Credit cards are rapidly becoming one of the most popular methods of payment, and are being taken up by millions across the country for their range of excellent benefits. With credit cards becoming prevalent, it is important to discuss the nitty-gritties of a credit card, so that people fully understand what they are getting into.
One of the most important aspects of a credit card is its billing cycle. Knowing what a billing cycle is, and how it works can be essential to help people not only save a considerable amount of money but can also help them maintain a good credit profile. Let us understand what a billing cycle is, and how it works.
What is a credit card billing cycle?
To phrase it within a few words, a credit card billing cycle is defined as the time period between two consecutive billing statements. It usually lasts anytime between 28 to 31 days, that is, around a month. But because different months have a separate number of days, there are measures taken by financial bureaus to ensure that the billing cycle for every month is equal.
To ensure this, guidelines have been put in place so that the current statement closing date isn’t four days before or after the previous statement closing date. The exact period is decided by the bank or credit card company, sticking to such guidelines.
How do credit card billing cycles work?
Now that we know what billing cycles are, the big question is, how do credit card billing cycles work? To understand this better, let’s take a simple example. Say your credit card was activated on the 3rd of January, 2021 and the billing cycle ends on the 2nd of February, 2021.
During this entire period of time, all the transactions you’ve done using your credit card will show up in your monthly credit card statement.
The credit card statement is generated on the last day of the billing cycle, and is known as the statement or billing date. Therefore, from now on, all your billing cycles will last for 31 days, and the next billing cycle will always begin from the very next day after your previous billing cycle ends.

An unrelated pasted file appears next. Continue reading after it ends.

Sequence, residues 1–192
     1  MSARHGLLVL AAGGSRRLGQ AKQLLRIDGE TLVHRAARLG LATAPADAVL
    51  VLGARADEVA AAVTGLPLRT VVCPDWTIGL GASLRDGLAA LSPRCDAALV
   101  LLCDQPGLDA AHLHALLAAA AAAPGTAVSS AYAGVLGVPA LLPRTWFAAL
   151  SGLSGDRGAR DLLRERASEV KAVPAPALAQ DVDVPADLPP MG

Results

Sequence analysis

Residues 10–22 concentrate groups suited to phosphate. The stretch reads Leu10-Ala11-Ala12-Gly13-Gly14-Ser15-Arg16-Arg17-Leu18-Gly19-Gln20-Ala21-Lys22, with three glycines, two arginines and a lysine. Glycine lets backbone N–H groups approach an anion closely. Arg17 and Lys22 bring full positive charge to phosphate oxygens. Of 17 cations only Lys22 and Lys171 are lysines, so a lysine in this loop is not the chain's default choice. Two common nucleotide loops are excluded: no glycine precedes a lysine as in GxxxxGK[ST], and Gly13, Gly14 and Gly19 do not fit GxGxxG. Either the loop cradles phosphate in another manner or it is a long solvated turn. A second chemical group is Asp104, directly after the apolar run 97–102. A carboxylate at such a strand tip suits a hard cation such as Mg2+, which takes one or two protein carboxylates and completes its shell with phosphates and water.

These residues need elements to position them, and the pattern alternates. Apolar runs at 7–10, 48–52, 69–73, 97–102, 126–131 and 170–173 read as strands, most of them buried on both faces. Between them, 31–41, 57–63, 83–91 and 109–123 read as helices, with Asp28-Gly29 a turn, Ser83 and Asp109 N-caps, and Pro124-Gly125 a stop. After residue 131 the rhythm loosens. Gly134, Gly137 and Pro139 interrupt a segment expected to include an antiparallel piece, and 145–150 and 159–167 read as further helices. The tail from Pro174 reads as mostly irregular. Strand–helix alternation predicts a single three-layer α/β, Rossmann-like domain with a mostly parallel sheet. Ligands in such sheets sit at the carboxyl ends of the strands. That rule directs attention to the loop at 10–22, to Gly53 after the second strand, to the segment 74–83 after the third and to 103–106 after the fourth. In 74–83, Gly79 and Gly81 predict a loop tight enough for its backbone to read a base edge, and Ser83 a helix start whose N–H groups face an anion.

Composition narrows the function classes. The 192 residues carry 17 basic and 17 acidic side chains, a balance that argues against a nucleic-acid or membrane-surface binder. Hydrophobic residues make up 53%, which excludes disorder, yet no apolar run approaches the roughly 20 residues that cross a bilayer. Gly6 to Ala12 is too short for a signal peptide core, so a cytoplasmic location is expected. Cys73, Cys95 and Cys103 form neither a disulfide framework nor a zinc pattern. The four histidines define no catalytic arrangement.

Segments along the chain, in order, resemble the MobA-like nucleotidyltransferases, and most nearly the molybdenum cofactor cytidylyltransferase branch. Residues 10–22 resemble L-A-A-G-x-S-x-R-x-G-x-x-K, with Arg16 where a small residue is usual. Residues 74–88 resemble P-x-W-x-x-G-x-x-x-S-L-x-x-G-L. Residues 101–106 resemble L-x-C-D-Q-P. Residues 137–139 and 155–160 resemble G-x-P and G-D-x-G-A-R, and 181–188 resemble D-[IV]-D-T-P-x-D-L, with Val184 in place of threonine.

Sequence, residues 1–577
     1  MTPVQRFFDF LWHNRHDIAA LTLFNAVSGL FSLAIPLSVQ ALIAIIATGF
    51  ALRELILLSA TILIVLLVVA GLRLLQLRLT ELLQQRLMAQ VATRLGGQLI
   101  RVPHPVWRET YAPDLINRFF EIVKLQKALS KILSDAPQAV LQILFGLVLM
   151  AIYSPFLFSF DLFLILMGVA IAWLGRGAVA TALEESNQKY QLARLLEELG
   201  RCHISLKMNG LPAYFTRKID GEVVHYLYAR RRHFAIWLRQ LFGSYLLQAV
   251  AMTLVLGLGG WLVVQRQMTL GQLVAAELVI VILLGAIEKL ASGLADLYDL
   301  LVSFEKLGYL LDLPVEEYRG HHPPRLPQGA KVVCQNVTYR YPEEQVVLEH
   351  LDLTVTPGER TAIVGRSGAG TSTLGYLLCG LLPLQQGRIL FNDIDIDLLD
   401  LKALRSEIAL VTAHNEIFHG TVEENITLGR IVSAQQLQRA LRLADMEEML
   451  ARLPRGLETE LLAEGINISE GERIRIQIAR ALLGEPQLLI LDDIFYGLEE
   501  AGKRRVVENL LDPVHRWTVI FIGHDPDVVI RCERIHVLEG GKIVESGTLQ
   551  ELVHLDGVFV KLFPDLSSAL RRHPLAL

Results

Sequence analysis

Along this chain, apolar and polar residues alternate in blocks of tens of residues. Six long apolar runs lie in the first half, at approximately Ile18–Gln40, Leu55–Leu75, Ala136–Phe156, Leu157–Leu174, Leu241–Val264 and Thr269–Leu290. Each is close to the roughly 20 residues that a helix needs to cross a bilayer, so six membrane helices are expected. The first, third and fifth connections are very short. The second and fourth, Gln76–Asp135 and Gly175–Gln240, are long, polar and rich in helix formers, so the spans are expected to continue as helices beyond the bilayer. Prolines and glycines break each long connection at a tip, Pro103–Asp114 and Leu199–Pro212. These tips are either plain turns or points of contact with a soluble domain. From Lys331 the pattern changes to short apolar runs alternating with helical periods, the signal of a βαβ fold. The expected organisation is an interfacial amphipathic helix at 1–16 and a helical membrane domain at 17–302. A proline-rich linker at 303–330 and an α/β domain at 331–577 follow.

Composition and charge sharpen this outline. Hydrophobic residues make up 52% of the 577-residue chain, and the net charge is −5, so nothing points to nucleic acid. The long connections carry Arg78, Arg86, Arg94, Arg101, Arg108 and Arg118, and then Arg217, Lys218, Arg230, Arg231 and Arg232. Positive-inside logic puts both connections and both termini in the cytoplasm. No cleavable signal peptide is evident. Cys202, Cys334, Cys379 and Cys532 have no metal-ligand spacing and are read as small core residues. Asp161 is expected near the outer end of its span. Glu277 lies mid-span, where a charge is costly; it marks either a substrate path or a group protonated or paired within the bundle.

Generally, 21 to 25 days after your billing cycle ends is your payment due date, when you have to pay back all the money that you borrowed from the bank. This includes all the purchases you made using your credit card, all the EMIs of loans taken against your cash limit, and all the extra charges for things like cash withdrawal from ATMs.
The payment due date is usually a few days after the end of your billing cycle to help you gather the finances required to pay back the money. If you pay back the dues on time, you can enjoy the bank’s funds free of cost without paying additional charges. But if you fail to pay within the due date, then there are other scenarios that arise.
On failing to pay within the due date, most banks offer a grace period, wherein you are offered a few extra days to pay back the amount. However, if you fail to do that too, then comes in the concept of Annual Percentage Rate or APR. Annual Percentage Rate or APR is an interest charged for extending your credit period.
This is charged when you either pay only the minimum amount due (which is only a percentage of the total amount that you need to pay to keep the credit card going), or pay only a portion of the outstanding amount. In such a case, the amount that you owe is carried over to the next billing period with an add-on interest -- the annual percentage rate.
Therefore, it is evident that one needs to know enough about their credit card billing cycle. Nowadays, the system is even simplified and online. You can know about your RBL Bank credit card billing cycle by downloading the SuperCard’s statement on the RBL MyCard app.